Chatswood Towers, Residential Building Sydney, Cox Richardson Architects Australia
Chatswood Residential Towers, Sydney, Australia
Chatswood Residential Towers Sydney – design by Cox Richardson Architects
3 May 2011
Chatswood Residential Towers Sydney
Cox Creates Crowned Columns in Chatswood
Cox Richardson Architects are contributing to vertical urban living in Chatswood with three residential towers above Chatswood Station.
This transport-oriented development takes advantage of the of the trains, shopping, bars and restaurants all available in the one location below the towers.
Cox Richardson Director, Nick Tyrrell, said, “Socially, the exciting thing about this development is that it offers residents the real opportunity of never having to get into a car to travel to work, shop or meet friends for dinner or a drink. It offers people more time to spend together rather than on the road.”
“Not only does it reduce the stress of urban life for residents it also reduces stress on the environment and represents a real change in thinking on how we live in the more dense parts of cities in Australia.”
The initial design concept for the development, jointly conceived by Cox Richardson and DesignInc, crowns Chatswood’s Transport Interchange with distinct diadem created by the folding blades atop each tower.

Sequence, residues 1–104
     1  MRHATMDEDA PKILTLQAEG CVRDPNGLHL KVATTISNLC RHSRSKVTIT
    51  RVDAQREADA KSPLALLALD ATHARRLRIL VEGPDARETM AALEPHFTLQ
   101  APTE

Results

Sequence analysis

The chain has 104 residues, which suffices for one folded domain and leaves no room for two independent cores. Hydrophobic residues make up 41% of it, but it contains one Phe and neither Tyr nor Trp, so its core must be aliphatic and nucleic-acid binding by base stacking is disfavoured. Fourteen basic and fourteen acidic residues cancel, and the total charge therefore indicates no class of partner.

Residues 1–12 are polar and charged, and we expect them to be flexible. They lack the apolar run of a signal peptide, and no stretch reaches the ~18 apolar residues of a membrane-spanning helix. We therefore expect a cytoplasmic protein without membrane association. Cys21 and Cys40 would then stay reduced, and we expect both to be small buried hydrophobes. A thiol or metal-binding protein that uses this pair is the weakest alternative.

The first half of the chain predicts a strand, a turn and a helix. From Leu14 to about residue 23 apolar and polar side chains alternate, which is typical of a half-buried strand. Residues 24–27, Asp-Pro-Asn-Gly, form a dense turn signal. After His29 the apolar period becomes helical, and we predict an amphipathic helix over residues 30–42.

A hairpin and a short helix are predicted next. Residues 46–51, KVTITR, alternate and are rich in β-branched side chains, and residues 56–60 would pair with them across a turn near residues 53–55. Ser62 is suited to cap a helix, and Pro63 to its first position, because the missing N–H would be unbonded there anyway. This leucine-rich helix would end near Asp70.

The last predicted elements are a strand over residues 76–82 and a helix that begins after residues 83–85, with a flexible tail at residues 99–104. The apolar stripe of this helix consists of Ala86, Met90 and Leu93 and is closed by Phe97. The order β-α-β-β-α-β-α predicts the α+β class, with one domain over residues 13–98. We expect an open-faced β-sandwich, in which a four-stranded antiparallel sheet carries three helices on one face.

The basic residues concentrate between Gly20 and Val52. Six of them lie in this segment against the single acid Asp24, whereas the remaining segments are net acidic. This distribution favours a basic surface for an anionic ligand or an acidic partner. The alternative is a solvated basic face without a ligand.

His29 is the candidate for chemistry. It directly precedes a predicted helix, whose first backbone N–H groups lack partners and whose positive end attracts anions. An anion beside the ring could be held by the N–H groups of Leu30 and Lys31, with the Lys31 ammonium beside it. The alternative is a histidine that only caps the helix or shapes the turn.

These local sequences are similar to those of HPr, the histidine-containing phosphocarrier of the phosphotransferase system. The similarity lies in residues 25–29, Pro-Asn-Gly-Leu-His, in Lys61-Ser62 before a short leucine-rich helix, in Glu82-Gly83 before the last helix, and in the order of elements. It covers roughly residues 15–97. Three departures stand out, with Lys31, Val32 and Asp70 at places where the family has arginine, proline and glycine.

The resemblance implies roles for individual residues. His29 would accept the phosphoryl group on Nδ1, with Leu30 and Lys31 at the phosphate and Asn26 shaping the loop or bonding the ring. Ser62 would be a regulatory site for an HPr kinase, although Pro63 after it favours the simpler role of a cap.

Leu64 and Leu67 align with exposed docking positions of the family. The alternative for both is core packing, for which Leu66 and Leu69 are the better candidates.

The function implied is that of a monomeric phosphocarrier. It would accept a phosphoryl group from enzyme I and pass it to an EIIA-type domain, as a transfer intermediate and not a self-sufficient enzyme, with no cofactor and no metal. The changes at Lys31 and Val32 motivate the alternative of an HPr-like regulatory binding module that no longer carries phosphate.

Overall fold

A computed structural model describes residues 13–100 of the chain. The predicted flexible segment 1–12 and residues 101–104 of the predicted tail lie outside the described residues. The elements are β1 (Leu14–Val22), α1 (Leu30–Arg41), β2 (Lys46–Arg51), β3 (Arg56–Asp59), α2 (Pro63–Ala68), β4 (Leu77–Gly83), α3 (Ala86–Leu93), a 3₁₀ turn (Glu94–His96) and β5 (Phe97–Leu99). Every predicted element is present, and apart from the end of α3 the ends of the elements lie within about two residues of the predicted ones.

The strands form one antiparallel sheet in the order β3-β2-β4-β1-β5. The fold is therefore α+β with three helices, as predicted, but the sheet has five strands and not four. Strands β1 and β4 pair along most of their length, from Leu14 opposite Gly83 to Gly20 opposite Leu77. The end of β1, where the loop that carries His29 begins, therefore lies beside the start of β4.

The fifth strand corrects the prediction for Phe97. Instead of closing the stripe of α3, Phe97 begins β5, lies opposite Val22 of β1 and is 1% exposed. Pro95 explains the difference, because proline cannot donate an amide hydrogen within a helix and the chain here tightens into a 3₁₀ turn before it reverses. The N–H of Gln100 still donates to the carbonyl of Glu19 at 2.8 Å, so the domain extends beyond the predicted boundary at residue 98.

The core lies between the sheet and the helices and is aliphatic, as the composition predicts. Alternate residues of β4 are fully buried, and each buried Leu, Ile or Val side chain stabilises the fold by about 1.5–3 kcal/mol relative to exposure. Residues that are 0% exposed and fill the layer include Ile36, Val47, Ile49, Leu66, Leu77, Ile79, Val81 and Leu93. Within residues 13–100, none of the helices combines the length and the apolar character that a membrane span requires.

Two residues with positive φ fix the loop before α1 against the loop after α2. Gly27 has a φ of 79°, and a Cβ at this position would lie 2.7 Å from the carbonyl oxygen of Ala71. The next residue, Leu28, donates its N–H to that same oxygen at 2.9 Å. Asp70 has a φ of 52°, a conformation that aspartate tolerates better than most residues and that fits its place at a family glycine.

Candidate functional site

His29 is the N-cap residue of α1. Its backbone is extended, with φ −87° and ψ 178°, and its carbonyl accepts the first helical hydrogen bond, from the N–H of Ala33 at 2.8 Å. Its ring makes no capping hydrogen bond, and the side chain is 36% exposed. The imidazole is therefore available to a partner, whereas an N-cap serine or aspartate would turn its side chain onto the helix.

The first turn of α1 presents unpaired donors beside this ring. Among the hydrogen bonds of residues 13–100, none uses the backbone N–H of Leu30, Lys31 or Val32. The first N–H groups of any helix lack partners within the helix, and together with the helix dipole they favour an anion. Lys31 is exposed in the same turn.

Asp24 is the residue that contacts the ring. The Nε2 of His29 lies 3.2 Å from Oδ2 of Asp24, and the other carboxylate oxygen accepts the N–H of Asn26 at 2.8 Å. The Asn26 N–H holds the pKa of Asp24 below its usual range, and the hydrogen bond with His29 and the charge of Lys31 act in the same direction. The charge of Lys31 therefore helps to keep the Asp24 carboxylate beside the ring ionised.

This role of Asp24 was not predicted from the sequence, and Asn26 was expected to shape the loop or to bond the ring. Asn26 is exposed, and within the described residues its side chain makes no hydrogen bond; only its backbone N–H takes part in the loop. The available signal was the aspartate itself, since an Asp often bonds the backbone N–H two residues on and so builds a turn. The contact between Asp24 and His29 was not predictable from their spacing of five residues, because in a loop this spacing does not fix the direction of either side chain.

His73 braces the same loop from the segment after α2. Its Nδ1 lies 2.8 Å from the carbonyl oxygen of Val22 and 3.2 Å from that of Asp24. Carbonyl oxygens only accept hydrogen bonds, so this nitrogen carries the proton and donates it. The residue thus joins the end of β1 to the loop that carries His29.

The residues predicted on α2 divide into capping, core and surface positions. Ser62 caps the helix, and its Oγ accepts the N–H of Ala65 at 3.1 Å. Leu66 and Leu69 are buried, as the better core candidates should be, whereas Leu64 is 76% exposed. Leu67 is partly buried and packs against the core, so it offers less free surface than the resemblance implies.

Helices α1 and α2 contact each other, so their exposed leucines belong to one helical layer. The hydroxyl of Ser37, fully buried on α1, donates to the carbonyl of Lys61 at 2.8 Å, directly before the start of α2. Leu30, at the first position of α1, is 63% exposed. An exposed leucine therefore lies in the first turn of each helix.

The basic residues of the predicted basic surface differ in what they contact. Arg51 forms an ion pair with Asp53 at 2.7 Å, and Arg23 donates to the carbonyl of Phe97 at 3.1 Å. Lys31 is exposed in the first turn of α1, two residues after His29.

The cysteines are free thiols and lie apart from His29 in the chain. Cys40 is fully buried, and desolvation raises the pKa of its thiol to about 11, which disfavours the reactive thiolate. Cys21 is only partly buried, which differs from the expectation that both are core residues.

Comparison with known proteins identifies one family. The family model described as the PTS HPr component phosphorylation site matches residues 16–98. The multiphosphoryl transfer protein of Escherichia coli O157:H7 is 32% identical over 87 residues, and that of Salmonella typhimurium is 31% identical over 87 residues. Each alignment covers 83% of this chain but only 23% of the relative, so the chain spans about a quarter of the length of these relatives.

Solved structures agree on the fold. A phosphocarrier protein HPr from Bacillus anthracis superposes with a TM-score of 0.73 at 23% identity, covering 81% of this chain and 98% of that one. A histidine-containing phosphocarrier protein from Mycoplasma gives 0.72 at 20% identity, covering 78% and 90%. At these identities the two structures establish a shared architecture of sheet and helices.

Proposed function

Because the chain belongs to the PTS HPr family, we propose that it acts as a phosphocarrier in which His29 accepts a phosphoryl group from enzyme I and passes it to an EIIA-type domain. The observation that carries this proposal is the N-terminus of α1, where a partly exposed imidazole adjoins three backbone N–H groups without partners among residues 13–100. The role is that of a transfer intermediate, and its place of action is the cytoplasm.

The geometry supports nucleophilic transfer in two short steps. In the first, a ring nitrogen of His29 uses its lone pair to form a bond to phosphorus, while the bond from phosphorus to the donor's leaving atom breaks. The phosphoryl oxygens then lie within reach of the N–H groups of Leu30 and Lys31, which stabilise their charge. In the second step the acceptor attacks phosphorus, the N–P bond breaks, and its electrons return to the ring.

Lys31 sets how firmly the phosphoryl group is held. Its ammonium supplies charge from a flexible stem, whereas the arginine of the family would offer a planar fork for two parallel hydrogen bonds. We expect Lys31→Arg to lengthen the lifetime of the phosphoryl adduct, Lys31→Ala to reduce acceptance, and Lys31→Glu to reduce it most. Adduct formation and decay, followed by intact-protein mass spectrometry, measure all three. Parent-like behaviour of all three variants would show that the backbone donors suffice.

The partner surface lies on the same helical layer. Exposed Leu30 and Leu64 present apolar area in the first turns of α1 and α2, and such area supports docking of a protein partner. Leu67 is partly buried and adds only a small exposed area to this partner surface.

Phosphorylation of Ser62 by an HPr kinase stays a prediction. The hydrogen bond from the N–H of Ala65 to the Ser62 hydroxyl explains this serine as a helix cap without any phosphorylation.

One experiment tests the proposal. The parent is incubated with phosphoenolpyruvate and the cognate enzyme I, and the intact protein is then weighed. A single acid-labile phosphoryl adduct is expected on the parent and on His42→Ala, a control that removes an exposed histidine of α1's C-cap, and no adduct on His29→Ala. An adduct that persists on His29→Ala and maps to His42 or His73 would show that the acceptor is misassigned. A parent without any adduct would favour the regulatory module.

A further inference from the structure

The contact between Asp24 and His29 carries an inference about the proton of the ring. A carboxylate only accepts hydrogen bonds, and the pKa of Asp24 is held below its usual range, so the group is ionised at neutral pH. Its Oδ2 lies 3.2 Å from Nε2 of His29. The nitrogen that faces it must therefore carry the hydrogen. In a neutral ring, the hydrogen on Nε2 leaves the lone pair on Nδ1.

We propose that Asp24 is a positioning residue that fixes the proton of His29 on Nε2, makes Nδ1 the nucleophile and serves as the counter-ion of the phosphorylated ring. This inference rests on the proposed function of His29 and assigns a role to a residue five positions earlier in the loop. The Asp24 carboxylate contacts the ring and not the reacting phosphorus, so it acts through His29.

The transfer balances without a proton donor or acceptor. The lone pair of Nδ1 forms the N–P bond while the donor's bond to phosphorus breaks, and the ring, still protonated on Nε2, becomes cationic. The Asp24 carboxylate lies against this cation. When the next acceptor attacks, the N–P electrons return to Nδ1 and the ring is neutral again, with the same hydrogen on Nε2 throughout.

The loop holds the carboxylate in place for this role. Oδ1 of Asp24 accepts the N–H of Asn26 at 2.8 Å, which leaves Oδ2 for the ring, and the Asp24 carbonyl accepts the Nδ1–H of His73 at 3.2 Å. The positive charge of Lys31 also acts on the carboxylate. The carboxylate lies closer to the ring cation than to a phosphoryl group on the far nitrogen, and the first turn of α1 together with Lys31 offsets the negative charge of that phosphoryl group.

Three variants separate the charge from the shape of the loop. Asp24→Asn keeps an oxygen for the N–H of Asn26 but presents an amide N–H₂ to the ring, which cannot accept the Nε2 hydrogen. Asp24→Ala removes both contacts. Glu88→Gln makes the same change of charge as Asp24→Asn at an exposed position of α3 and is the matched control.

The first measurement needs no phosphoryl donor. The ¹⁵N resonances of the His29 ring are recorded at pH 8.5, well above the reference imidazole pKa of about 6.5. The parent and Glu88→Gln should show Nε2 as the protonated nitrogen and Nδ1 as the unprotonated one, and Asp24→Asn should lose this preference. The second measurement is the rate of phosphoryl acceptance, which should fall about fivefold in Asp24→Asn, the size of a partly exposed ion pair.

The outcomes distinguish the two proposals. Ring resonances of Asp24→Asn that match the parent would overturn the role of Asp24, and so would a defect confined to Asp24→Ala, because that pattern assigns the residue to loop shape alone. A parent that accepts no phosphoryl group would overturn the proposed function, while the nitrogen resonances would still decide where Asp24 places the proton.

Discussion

Tyrrell said, “Architecturally, the exciting thing about this design is the ambiguity embedded in the scheme. There is an ambiguity of use for instance and restrained elegance achieved by the enclosure of the external balconies that improve amenity by controlling wind speeds on the balcony. Also the feature blade wall on each tower kicks out as a skirt to address down draughts onto the street below. Aesthetically, both these features and make it hard to tell if the building is residential or commercial in function and genre.
“The sleek metal and glass curtain walls emphasise the buildings height while the exceptionally slender forms are achieved via compact floor plates. The towers express symbolic connections to the north, south and west via the feature blade walls on one façade of each tower. These blades provide a city-scale signal or beacon expressing the broader rail network available to both residents and the general public, south towards the City, northwards to Hornsby and westwards to Epping and beyond.”
Clearly others agree. The first two towers (Metro View and Metro Spire) sold out in one weekend, and the final third tower (Metro Grand) is selling fast.
At up to 260 metres above sea-level these sculpted structures will provide views to Sydney Heads, across the CBD, west to the Blue Mountains and north over the Ku-ring-gai National Park.
The retail centre at the base of the new complex will boast a thriving ‘Eat Street’ on the western side of the podium and a sun lit and naturally ventilated north/south pedestrian street connecting the heritage listed Garden of Remembrance with Chatswood Mall.
Tyrrell said, ”The towers respond to the Chatswood city grid, adjacent boundaries, rail alignment and minimise shadow impact on the Garden of Remembrance. There are strong pedestrian links connecting across the site at ground level that ensure high levels of activity adjacent to residential address points.”